Every spring Maine Audubon has led free bird walks at Evergreen Cemetery in Portland during the peak of bird migration, specifically as warblers are flooding into the state. These Warbler Walks have often drawn large crowds of birders hoping to catch a glimpse of some of North America’s most beautiful birds as they stop over to feed in this city-surrounded oasis, before moving on to their breeding grounds. The COVID pandemic and need to social distance caused these walks to be canceled in 2020, but a year later, with vaccination rates rising, we are happy to announce the Warbler Walks are back, although in a slightly modified way.
Beginning on Monday, May 3, we’ll lead walks at Evergreen Cemetery from 7 am to 9 am, beginning near the south end of the duck pond (map). Unlike in past years, we’ll have multiple leaders each day who will lead small groups to various parts of the cemetery. After introductions by the pond, you can follow a leader to an area and then move around to various groups as you wish. Walks will be each morning, Monday through Friday for two weeks, ending on May 14.
We require that anyone participating in our walks wears a mask and is respectful of social distancing. We know that maintaining six feet of distance is challenging while birding, especially when that bird you really want to see is being pointed out, so masks are required.
Below is a map of the cemetery with red circles around the three main areas we’ll cover on the bird walks.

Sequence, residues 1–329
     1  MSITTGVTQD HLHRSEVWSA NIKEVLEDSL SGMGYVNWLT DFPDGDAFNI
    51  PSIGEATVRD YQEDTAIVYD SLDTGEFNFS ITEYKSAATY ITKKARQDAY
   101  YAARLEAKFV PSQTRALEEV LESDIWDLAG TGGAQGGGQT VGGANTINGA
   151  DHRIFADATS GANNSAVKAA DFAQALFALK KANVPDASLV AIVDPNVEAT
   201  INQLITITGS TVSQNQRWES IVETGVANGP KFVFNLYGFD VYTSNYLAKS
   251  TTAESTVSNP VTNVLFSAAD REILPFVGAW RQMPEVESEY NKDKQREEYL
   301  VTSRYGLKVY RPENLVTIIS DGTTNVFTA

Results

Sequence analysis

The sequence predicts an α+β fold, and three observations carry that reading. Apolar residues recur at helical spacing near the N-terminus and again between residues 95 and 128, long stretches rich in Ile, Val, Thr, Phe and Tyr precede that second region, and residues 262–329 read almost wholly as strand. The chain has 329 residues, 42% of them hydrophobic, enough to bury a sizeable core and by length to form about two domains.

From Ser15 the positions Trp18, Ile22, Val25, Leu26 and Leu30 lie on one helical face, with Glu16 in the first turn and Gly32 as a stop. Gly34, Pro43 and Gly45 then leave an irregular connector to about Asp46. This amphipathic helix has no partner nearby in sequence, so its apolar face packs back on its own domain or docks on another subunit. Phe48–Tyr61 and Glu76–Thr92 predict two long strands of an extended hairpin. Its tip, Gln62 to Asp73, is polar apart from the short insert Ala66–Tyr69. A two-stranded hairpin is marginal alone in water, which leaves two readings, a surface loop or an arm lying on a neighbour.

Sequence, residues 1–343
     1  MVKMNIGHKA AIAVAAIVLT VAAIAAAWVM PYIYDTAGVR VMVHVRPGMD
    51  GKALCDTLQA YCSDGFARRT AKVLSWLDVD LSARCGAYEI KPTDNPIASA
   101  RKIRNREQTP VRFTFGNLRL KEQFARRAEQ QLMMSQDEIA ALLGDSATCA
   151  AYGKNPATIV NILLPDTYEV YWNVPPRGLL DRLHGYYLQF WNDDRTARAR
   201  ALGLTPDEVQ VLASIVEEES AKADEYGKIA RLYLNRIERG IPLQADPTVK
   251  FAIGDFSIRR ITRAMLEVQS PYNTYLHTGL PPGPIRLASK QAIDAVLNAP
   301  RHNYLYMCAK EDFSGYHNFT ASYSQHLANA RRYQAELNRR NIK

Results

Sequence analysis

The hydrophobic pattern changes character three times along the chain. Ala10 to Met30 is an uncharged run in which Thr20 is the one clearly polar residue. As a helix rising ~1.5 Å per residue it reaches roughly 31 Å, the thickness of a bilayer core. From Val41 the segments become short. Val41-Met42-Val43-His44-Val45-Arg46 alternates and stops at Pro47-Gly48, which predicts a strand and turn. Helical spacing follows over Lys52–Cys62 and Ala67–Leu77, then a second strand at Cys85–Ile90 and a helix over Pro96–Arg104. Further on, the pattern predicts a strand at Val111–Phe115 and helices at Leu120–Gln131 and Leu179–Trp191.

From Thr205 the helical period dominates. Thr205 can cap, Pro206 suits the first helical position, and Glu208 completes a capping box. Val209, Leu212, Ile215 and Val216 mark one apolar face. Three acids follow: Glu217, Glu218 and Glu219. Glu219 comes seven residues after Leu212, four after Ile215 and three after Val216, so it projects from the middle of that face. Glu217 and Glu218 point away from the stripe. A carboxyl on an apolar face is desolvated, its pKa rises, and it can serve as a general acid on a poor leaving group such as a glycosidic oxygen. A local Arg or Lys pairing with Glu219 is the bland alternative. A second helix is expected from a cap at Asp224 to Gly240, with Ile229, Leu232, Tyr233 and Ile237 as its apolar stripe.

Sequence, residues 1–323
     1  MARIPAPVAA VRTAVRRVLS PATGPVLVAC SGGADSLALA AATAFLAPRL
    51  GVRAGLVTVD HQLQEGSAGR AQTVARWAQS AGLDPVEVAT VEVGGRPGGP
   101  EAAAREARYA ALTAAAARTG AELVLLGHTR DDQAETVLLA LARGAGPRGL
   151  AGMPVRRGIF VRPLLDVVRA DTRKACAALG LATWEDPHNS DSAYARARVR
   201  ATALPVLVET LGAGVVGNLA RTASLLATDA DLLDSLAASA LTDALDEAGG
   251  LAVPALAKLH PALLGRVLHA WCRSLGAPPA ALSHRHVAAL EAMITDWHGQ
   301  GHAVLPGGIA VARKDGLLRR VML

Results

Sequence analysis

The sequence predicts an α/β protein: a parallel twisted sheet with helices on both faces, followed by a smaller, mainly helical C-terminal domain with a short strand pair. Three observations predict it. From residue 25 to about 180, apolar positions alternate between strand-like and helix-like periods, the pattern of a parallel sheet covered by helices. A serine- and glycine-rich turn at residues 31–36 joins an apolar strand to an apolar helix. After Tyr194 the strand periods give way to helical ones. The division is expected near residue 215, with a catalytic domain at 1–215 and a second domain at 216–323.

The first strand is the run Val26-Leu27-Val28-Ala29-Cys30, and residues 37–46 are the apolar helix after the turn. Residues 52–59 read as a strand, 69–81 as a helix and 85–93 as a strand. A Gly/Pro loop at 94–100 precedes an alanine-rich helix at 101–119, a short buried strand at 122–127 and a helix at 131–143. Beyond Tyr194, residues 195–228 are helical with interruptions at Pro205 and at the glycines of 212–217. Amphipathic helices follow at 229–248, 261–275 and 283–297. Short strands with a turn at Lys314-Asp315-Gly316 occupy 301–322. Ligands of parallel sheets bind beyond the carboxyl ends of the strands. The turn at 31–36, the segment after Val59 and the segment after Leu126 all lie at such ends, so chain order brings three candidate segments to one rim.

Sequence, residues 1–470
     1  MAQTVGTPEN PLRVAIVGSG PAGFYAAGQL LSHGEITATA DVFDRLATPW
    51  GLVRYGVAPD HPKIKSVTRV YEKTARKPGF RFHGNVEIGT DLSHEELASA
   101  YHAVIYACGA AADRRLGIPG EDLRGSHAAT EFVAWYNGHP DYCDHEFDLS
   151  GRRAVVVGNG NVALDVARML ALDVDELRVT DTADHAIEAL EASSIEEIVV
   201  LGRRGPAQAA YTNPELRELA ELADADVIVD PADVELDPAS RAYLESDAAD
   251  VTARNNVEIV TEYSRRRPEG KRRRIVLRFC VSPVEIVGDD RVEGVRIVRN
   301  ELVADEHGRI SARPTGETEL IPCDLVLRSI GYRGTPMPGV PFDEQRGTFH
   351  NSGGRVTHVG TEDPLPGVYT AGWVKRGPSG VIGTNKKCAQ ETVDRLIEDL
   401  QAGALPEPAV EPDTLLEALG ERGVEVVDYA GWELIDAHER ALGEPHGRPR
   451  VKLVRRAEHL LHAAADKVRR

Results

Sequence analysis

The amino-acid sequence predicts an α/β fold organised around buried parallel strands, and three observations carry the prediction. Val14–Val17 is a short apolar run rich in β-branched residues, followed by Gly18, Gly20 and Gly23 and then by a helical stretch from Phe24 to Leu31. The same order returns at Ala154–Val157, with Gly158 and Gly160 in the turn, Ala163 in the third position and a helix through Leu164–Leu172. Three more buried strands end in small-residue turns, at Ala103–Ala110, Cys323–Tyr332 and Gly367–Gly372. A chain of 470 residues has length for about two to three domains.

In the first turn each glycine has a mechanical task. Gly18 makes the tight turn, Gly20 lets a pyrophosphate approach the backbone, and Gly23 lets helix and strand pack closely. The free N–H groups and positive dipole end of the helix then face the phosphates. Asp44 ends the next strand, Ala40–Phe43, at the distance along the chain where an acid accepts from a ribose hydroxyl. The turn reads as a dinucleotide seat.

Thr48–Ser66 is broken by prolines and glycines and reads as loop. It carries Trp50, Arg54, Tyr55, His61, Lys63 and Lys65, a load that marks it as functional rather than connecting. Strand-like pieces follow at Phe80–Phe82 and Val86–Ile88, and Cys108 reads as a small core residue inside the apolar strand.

1) The Ponds: the open water here attracts a number of species to come and drink or bathe, while other migrants like some shorebirds (Solitary and Spotted sandpipers) or waders (Great Blue Heron or Great Egret) are easily viewed here.
2) Down the trails and up the hill to the left (south) birders can find the brush piles used by cemetery staff. This little clearing provides a good view of higher canopy species like Scarlet Tanager and a good spot to listen for singing breeders like Ovenbirds. Continuing down the path will bring you to the power line cut where species like Eastern Towhee and Prairie Warblers are likely to be found.
3) From the pond, paths to the north will access the affectionately named “junk pond” (you’ll see why) and the UNE soccer fields. The junk pond is a good spot for uncommon species like Black-crowned Night-herons and sometimes Rusty Blackbirds. The soccer field can be good for Northern Flickers and Brown Thrashers, or watch the sky for migrating raptors. Accessing this area can be very muddy and have long stretches with uneven terrain (many roots sticking up) so caution should be used.
We’ll do our best to have volunteers in most of these areas each morning, but joining us at 7 am at the meeting location (south end of the ponds) is the best way to learn where we’ll be each day. Check back here for updates throughout the week!